top of page


Evaluation of a ddPCR commercial assay for the absolute quantification of the Monkeypox Virus West Africa in clinical samples

Pomari E, Mori A, Accordini S, Donini A, Cordioli M, Tacconelli E, Castilletti C

Background: Monkeypox virus (MPXV) is a double-stranded DNA virus belonging to the orthopoxvirus genus in the family Poxviridae. Distinct clades are identified: the clade I belonging to the Central African (or Congo Basin) clade and the subclades IIa and IIb belonging to the West African clade. Here, a commercial droplet digital PCR (ddPCR) assay was evaluated for the quantification of the MPXV West Africa clade in clinical samples.

Methods: The ddPCR reaction was assessed as a duplex assay using RPP30 as an internal amplification control. A total of 60 clinical specimens were tested, 40 positives (skin lesions, n=10; rectal swabs, n = 10; pharyngeal swabs, n = 10; and whole blood, n = 10), and 20 negatives (n = 5 for each biological matrix) were found at the routine molecular diagnostics (orthopoxvirus qPCR followed by confirmation with Sanger sequencing). To evaluate the analytical sensitivity, the ddPCR reaction was first analyzed on serial dilutions of synthetic DNA spiked in water and in negative biological matrices, achieving a limit of detection of 3.5 copy/µL.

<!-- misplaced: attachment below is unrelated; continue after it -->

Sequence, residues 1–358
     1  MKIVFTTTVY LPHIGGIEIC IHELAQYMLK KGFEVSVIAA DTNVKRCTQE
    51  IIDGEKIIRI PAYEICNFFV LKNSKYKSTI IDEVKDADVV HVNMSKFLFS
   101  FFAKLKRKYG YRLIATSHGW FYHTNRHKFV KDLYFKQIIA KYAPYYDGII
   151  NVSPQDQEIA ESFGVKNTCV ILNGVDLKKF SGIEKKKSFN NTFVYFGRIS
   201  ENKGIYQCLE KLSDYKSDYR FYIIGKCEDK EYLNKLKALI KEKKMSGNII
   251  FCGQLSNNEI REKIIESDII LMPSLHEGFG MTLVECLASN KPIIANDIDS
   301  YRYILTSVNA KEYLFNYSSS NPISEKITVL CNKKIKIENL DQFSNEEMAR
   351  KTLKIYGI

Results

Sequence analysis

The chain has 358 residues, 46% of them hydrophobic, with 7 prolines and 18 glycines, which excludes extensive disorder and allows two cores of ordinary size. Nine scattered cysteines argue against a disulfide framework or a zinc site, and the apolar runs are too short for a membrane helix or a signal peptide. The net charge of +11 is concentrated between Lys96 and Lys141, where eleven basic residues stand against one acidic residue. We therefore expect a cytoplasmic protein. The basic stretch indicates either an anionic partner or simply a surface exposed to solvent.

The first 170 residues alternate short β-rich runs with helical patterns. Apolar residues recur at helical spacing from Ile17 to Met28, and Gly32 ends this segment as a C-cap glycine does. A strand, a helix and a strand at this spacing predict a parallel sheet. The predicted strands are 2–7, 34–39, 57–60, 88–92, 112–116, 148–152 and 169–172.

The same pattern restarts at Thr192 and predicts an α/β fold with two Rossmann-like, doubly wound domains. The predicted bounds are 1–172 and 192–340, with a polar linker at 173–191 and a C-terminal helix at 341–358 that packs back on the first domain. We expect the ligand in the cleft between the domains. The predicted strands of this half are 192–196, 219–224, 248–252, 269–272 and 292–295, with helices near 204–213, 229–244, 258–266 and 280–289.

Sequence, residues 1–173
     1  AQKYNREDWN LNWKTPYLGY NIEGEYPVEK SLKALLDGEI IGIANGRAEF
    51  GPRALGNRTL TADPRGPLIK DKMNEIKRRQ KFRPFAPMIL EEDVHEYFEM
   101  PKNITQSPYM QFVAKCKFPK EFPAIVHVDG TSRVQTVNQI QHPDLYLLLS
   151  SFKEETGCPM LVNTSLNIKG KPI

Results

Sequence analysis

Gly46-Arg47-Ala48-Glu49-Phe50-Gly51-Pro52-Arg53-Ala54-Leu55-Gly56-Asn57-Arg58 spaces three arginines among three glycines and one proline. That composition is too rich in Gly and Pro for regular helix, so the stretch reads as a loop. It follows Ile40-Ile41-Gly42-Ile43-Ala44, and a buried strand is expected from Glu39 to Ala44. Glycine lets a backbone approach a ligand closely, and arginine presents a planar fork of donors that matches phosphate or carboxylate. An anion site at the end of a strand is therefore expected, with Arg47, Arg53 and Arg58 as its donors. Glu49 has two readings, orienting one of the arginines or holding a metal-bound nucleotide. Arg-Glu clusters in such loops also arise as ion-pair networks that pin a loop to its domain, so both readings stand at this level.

Results: Regarding the clinical samples, compared to routine molecular diagnostics, the ddPCR duplex assay showed 100% of specificity for all biological matrices and 100% sensitivity (10/10) for lesions, 100% (10/10) for rectal swabs, 90% (9/10) for pharyngeal swabs, and 60% (6/10) for whole blood.

Conclusion: Overall, our data showed that the commercial ddPCR assay allowed the DNA detection of MPXV in 87.5% (35/40) of our cohort, highlighting useful technical indications for the different specimens with a potential greatest performance for skin lesions and rectal swabs.

Keywords: DNA; ddPCR; monkeypox virus; quantification.

bottom of page